Year-End Tax Planning for Charitable Donations

Some surveys indicate that more than 30% of all charitable giving occurs in December, and that over 10% of donations are made in the last three days of the year. The year-end holiday spirit may be a factor in the early winter philanthropy, but taxes probably play a role, as well. A check you write to your favorite charity in December gives you a tax deduction the following April, but if you wait until New Year’s, you’ll have to wait a full year for the tax benefit.

To do well while doing good, you might reconsider the typical practice of writing checks for gifts to charity. Instead, give appreciated securities. Going into the ninth year of a bull market, you probably have stocks or stock funds that have gained value and would be ideal for contributing to your favorite cause.

Example 1: Wendy Harris donates, by check, $5,000 every year to a cancer research charity. This year, Wendy looks over her portfolio and sees that one of her stocks has appreciated substantially since its purchase in 2015, so she decides to reduce her exposure to that company.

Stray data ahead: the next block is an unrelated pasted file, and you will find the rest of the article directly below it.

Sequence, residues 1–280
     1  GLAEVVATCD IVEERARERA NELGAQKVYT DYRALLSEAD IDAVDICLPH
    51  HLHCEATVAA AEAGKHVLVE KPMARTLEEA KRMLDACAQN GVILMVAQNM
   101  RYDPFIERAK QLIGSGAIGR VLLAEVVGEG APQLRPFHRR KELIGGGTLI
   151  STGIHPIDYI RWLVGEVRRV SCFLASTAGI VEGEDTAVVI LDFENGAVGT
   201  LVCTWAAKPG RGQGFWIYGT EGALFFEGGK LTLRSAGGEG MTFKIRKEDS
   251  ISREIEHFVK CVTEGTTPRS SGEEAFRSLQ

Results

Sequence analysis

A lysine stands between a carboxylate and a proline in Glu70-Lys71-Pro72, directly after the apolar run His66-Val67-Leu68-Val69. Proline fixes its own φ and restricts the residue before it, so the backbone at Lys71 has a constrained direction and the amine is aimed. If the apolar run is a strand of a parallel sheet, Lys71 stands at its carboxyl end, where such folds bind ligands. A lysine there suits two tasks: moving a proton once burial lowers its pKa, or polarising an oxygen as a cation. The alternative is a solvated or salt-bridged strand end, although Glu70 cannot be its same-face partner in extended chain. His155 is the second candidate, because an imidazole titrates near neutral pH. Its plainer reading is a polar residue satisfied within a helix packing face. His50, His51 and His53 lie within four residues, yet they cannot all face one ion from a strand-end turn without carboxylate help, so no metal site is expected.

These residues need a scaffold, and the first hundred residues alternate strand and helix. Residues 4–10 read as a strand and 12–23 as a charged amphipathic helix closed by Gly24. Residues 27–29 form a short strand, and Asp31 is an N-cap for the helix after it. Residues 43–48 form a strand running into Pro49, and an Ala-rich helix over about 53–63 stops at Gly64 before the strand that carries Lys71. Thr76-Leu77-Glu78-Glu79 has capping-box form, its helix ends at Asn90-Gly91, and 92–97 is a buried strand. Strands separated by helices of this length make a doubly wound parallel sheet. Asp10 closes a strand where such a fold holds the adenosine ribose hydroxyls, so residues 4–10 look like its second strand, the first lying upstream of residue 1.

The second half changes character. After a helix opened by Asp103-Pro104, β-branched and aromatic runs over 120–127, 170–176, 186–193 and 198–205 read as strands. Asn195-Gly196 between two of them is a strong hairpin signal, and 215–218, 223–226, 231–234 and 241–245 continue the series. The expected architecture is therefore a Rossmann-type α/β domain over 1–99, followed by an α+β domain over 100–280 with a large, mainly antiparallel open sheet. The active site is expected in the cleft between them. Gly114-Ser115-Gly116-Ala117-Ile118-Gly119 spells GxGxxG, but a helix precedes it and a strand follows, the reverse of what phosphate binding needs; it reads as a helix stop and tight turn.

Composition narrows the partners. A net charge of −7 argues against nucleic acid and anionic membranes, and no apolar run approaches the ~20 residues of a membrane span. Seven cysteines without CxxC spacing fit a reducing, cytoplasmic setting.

Wendy paid $30 each for the shares, which now trade at $50. If she sells $5,000 worth of those shares, Wendy would have a $2,000 long-term capital gain and owe $300 to the IRS, at a 15% tax rate. Instead, she donates $5,000 worth of shares to her favorite charity.

With this tactic, Wendy would get the same $5,000 tax deduction that she would have received with a cash contribution. If the assets have been held longer than one year, donors can deduct the fair market value of the contribution. Yet, the donated shares would have been worth only $4,700 to Wendy if she had sold them and paid the tax on her gain.

Meanwhile, the recipient can sell the shares for $5,000 and owe no tax as a charitable organization. Therefore, Wendy gets a full tax break, the charity keeps the full amount, and the capital gain tax obligation is never paid.

Multiple choice

The strategy followed by Wendy can be effective if you wish to make one or two charitable gifts of appreciated securities. However, if you want to make many gifts to various charities, the process can get cumbersome.  In these situations, you might want to contribute via a donor-advised fund.